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IoT and blockchain for use in distilling

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CENSIS has helped award-winning artisan gin distillery Roehill Springs to incorporate blockchain technology into its supply chain.

Roehill Springs is using the system, developed by CENSIS and Aberdeen-based TrackGenesis, in what is believed to be among the first direct uses of sensor data with a blockchain. The project is part of the CENSIS IoT Evolve programme, funded by the Scottish Government and Highlands and Islands Enterprise (HIE).

Roehill Springs is committed to using local ingredients, offering transparency to its customers, and being environmentally responsible. In discussions with CENSIS, the team identified combining the automation potential of IoT with the traceability and security provided by blockchain technology as the best way of ensuring full transparency for customers.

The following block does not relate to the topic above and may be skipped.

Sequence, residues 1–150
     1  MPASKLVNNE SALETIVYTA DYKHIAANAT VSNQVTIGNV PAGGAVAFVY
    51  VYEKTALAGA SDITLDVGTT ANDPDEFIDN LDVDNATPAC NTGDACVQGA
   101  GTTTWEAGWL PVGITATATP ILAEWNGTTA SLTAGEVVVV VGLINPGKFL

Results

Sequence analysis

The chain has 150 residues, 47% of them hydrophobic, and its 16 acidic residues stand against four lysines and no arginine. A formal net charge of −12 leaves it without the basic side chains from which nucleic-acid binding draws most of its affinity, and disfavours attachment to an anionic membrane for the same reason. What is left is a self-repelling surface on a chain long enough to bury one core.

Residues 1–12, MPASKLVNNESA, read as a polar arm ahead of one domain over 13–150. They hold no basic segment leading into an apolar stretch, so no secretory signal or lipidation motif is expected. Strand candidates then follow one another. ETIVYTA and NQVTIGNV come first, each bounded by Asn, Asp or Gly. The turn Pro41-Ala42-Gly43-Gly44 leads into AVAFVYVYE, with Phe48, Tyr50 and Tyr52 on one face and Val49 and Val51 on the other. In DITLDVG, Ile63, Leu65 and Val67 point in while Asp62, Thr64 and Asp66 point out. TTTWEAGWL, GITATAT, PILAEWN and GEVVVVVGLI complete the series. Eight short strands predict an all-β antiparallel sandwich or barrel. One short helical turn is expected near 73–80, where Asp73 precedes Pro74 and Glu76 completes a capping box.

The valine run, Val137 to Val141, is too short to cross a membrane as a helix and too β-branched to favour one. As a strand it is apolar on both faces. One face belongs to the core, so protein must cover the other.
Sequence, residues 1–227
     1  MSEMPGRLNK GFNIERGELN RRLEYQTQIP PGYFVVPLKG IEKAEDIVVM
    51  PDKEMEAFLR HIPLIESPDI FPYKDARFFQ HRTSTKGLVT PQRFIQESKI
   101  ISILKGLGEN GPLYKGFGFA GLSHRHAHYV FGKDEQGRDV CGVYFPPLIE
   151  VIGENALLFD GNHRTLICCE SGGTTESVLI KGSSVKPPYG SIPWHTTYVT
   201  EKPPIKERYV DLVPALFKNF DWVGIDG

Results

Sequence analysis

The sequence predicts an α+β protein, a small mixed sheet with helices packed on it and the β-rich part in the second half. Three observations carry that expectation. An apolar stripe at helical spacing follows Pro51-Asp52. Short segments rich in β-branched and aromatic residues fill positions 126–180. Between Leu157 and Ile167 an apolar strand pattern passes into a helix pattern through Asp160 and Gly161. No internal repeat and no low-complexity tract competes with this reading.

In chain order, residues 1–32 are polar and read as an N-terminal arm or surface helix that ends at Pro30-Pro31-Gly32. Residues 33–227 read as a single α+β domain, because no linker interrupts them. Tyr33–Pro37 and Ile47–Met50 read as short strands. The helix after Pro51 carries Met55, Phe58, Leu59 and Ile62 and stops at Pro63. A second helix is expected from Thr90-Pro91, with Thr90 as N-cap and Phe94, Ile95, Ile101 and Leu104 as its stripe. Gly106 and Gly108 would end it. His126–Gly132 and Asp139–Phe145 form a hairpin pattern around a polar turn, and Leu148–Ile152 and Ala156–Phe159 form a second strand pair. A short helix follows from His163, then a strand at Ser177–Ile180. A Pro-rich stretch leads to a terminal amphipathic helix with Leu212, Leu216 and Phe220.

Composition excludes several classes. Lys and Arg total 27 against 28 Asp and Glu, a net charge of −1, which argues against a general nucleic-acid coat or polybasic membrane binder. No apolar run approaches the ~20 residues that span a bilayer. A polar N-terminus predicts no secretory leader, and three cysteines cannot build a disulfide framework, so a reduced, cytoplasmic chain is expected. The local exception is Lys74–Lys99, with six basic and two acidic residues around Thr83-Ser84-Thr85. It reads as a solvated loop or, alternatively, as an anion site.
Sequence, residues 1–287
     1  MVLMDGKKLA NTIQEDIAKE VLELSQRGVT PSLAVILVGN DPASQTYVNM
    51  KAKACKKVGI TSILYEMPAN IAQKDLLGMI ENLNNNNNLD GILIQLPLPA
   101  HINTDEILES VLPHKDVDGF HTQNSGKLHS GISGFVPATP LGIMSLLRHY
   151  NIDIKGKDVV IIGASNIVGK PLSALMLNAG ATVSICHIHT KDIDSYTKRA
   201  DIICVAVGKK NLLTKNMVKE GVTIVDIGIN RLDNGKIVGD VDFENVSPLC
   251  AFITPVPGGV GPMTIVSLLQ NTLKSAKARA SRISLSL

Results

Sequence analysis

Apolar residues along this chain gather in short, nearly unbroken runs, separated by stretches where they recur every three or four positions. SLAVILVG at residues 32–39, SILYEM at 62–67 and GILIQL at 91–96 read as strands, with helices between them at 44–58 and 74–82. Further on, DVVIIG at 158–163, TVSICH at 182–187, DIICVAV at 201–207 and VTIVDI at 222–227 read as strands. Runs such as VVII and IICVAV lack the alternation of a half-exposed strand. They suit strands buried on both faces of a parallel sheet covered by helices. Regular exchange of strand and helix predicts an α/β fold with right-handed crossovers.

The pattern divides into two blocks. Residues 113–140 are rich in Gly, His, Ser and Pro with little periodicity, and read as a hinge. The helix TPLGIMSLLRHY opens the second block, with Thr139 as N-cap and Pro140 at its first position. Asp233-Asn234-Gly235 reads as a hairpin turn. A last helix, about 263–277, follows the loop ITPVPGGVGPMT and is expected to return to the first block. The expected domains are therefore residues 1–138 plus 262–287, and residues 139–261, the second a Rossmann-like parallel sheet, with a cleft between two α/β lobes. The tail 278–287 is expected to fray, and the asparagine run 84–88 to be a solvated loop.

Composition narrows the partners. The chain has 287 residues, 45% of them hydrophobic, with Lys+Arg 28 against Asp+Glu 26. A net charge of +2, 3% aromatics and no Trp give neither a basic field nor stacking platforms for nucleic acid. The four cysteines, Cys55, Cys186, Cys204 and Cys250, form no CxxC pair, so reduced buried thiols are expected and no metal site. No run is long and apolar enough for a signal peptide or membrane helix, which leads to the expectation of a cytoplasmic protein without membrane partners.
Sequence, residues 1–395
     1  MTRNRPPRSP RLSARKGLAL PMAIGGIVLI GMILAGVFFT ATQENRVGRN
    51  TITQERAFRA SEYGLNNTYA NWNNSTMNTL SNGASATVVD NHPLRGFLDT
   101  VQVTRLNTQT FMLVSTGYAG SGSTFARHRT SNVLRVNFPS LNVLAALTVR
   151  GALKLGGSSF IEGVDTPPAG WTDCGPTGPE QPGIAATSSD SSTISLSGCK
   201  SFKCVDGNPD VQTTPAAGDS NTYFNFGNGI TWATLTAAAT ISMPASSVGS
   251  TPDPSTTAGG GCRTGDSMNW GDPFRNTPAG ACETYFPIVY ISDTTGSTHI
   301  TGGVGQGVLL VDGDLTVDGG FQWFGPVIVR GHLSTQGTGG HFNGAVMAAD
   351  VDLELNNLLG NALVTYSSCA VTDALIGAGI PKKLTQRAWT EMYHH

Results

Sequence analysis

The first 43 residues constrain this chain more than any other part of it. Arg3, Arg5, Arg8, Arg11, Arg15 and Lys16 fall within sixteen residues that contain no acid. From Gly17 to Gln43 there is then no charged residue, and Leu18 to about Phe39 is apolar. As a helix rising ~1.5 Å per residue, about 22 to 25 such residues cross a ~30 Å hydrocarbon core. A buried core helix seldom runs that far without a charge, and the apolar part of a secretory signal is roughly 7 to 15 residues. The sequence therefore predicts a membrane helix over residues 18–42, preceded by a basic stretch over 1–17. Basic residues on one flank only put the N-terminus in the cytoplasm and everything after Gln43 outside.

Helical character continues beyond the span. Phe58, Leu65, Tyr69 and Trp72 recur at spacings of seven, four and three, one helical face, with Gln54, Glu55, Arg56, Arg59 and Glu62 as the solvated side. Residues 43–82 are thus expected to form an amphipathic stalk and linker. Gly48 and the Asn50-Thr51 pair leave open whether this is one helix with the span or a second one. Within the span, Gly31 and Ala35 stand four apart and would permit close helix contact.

IoT sensor based-flow meters have been installed at the spring on the family farm and at its distillery. The data they produce is sent to a smartphone and tablet application via Bluetooth. The data from each flow meter is transferred to the private blockchain where it is held and can be accessed by customers through a QR code printed on each bottle of Roehill Springs gin, alongside information about the bottle’s other ingredients.

The system means there is complete accuracy and transparency – customers can be confident that water used in Roehill gin is high quality and sustainably sourced. It also enhances the authenticity of the data – the blockchain is tamper-proof and immutable – removes the time, errors, and cost of manual data entry, and helps the distillery track and reduce its water usage.

Roehill Springs is now looking at other ways blockchain might be used to make its business even more transparent for customers, such as energy monitoring.

Read the full news release about this project. 

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